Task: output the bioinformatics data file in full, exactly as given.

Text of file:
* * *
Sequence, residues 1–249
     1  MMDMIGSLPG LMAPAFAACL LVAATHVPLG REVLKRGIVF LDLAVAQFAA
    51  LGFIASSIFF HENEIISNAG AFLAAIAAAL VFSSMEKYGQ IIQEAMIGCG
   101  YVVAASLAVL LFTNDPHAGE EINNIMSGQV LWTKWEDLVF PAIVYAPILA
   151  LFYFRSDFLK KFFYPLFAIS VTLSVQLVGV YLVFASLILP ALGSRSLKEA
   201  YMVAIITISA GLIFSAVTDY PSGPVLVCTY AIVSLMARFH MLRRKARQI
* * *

Sequence, residues 1–249
     1  MMDMIGSLPG LMAPAFAACL LVAATHVPLG REVLKRGIVF LDLAVAQFAA
    51  LGFIASSIFF HENEIISNAG AFLAAIAAAL VFSSMEKYGQ IIQEAMIGCG
   101  YVVAASLAVL LFTNDPHAGE EINNIMSGQV LWTKWEDLVF PAIVYAPILA
   151  LFYFRSDFLK KFFYPLFAIS VTLSVQLVGV YLVFASLILP ALGSRSLKEA
   201  YMVAIITISA GLIFSAVTDY PSGPVLVCTY AIVSLMARFH MLRRKARQI